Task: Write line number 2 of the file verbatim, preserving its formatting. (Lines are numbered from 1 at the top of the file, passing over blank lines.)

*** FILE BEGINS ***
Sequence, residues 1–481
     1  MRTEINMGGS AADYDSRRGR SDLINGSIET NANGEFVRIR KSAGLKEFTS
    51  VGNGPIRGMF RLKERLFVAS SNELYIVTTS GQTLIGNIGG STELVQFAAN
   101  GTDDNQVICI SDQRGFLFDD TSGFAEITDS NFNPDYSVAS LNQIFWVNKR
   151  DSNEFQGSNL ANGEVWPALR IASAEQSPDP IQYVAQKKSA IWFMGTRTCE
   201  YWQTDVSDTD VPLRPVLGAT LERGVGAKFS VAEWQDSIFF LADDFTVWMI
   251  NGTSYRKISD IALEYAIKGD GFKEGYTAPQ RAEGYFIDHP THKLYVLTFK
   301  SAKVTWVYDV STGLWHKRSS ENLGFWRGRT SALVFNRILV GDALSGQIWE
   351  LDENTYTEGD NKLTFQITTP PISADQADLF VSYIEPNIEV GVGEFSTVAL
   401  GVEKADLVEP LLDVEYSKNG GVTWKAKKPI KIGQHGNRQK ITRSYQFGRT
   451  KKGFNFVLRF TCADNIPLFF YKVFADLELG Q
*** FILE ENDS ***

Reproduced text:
     1  MRTEINMGGS AADYDSRRGR SDLINGSIET NANGEFVRIR KSAGLKEFTS